Vulnerable children need even more support after pandemic

Sully, who is registered in a Compassion centre in Peru, is pictured with her parents at the kitchen table with the vegetables her mum learnt to grow.(Photo: Compassion UK)

Compassion UK is appealing for more support for children and families living with hunger and malnutrition in the world's poorest communities.

The call coincides with World Hunger Day on Friday and follows a recent report from the UN World Food Programme estimating that 270 million people are at risk of starvation across 20 hotspot countries, including Ecuador, Ethiopia and Burkina Faso. 

Compassion is warning that Covid-19 has only exacerbated existing drivers of food insecurity like conflict, weak economies, and climate change. 

Many families have lost their income because of the pandemic, while 370 million children have been unable to attend school - meaning they are missing out on the free meals they would normally receive there. 

Compassion, which is working through local partners in some of the hotspot countries highlighted by the UN, says that food insecurity will have a "domino effect" on children's health and education unless their families receive holistic support to help them out of poverty. 

Sidney Muisyo, Vice President of Global Program said, "At a time when developed nations like the UK are beginning to recover from the virus, I fear they will not respond with urgency to the needs of the rest of the developing world.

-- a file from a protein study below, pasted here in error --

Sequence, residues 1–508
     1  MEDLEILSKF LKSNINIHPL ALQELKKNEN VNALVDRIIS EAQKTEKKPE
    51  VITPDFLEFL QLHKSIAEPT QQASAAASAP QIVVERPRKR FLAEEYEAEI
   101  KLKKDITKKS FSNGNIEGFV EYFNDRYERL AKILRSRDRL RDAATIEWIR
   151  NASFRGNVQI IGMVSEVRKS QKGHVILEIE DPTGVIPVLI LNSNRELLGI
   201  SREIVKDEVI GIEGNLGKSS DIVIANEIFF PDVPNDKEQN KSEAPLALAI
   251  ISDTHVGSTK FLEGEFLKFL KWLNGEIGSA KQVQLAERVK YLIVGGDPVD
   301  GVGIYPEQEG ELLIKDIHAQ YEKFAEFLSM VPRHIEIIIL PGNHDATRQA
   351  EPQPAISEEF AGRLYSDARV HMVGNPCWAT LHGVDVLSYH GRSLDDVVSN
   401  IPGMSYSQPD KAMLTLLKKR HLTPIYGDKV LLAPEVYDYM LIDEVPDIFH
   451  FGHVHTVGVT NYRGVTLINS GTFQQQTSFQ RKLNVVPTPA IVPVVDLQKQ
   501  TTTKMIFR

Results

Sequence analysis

"I cannot over-emphasise the urgent need to support humanitarian organisations that work with developing nations, many of whom continue to suffer from the economic impact of the pandemic and many who are stuck in the never-ending cyclical wave of infections.

"These countries need urgent help to overcome the increased poverty leading to hunger and food insecurity amongst the vulnerable populations.

"We must ensure that vulnerable children do not continue to pay the highest and most unacceptable price, such as hunger and disrupted education, as the crises escalate."

Compassion said churches had a "crucial" role to play in providing support at times of crisis. 

In Minjar County, Ethiopia, the local congregation stepped in to help farmer Behailu when his crop was facing ruin because of desert locusts.  

Behailu, whose daughter is in Compassion's sponsor programme, said, "When friends of my daughter, people I know from the church and the staff, suddenly came to my farm, I couldn't believe my eyes.

"They were literally a God-send. They didn't only save my family from hunger; they also prevented a possible bankruptcy, since I wouldn't have anything to pay the land rent if I didn't have any crops to sell."

Muisyo concludes, "Such massive and complex issues can be overwhelming, but we have the perfect, God-designed strategy to face these emerging challenges – the local church partners who continue to serve in their communities. At Compassion, we believe in empowering the local communities, as these are the best placed to meet the need of children and youth in powerful, yet contextualised, ways."